Harlem Renaissance – Langston Hughes
The Harlem Renaissance was a revolutionary time of changes to be equal and standing up for the rights of African-Americans. Many literature leaders like writers, artists, poets, and others rose to show their rights and freedom in the nation, including Langston Hughes. Langston Hughes was an African-American poet, social activist, novelist, playwright, and columnist. He became one of the most recognized figures and grew to be a leader among the other artists during the Harlem Renaissance. Langston Hughes’s life was historic as it helped us get to where we are today.
Foremost, James Mercer Langston Hughes was born on February 1, 1902, in Joplin, Missouri. His parents, James Nathaniel Hughes and Carrie Mercer Langston, got divorced after having Langston. He was raised mostly by his grandmother who got Langston to love literature before she passed away. Langston and his mother soon moved to Cleveland, Ohio, where he began writing poetry for the first time. Eventually, Langston graduated from high school and went to around four countries for college and for a couple of odd jobs. Moreover, Langston soon came back to The United States and enrolled at Columbia University. He soon finished in Lincoln University in 1929 and then moved to New York. During this time, Langston had published a couple of poems that got him a few prizes. “A Negro Speaks Lee 2 of River”, his first signature poem in 1921, grew big and made him continued writing poems that won prizes. A few of his famous poems were “The Weary Blues”, “Not Without Laughter”, “Ask Your Mama”, etc. He began writing novels, plays, poems, and other literary works like the “Simple” series up into the 1960s.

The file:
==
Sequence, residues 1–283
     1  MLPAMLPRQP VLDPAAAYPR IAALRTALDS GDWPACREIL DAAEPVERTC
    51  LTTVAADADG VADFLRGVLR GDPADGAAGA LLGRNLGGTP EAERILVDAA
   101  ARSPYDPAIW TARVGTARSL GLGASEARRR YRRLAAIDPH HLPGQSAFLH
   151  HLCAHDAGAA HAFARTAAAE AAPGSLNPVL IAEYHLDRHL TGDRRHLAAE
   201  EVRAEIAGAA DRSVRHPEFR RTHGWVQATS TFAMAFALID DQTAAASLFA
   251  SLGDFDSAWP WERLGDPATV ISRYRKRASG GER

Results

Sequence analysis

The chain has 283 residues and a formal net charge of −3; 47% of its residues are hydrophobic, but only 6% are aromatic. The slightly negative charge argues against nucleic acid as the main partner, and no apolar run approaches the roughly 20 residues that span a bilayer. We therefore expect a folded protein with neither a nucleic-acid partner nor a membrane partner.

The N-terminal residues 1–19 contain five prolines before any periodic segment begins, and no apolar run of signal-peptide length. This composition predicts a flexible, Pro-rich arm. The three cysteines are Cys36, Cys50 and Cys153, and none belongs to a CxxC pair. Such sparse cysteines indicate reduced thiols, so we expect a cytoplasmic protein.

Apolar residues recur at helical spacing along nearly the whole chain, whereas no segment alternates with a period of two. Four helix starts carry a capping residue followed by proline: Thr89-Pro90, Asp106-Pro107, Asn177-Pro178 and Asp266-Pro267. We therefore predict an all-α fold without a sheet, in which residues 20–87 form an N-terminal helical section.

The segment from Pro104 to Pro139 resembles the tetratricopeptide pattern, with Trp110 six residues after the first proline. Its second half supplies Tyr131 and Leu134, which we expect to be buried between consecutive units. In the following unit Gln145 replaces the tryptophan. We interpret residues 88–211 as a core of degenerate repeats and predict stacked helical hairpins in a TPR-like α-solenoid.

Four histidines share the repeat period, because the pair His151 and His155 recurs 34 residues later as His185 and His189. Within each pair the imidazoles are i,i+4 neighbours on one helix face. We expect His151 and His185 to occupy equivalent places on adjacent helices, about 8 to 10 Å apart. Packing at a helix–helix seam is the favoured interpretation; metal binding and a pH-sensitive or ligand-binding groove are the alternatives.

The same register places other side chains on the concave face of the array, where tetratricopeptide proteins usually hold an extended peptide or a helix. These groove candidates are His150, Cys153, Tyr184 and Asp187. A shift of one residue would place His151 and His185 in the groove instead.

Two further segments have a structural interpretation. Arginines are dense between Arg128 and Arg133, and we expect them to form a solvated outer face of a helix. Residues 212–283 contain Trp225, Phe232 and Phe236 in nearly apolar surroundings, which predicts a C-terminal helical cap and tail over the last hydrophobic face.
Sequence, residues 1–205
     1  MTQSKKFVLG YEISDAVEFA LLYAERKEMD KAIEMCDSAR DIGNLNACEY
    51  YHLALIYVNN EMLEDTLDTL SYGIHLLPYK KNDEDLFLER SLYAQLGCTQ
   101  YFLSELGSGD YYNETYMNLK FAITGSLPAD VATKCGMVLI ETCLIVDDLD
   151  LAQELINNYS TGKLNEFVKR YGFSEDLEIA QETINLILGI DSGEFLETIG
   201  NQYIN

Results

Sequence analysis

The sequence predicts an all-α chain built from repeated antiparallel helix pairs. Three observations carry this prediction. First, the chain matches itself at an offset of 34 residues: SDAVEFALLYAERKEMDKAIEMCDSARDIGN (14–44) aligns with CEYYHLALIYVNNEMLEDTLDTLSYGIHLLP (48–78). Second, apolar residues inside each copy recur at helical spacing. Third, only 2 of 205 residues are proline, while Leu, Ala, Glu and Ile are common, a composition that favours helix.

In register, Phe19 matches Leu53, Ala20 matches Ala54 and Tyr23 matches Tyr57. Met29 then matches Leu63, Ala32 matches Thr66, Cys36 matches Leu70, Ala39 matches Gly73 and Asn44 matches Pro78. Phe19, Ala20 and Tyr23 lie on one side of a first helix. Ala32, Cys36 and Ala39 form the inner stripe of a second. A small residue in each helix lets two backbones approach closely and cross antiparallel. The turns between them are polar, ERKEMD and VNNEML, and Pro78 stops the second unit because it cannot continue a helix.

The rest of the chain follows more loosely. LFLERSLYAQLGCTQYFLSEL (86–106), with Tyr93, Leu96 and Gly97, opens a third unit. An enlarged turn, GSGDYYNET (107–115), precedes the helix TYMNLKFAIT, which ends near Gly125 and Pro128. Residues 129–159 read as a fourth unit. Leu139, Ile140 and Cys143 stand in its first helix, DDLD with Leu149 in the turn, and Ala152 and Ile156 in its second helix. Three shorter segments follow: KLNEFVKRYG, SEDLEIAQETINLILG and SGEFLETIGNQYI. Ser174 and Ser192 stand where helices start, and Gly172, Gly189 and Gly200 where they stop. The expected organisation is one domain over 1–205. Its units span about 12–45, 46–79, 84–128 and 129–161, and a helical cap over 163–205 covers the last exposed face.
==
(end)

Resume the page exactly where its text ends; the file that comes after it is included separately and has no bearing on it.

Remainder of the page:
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In his life, Langston never had any romantic involvements as he was known to be asexual or homosexual. He won many prizes for his achievements like the Anisfield-Wolf Award, the Harmon gold medal for literature, Spingarn Medal, etc. On May 22, 1967, Langston died in New York due to some complications with his surgery for prostate cancer. He died at sixty-five years old and his home at 20 East 127th Street in Harlem, New York became a landmark by the New York Preservation Commission.
Langston Hughes led a normal life as he wrote his famous literary works, but had a huge effect on our world today. He influenced the Harlem Renaissance among other artists as an important figure in literature. Even though most of his works are now in the past, they all played a huge role in the Renaissance and helped African Americans have the rights that they now have today. He published many literary works which influenced many people, making him a leader during the Harlem Renaissance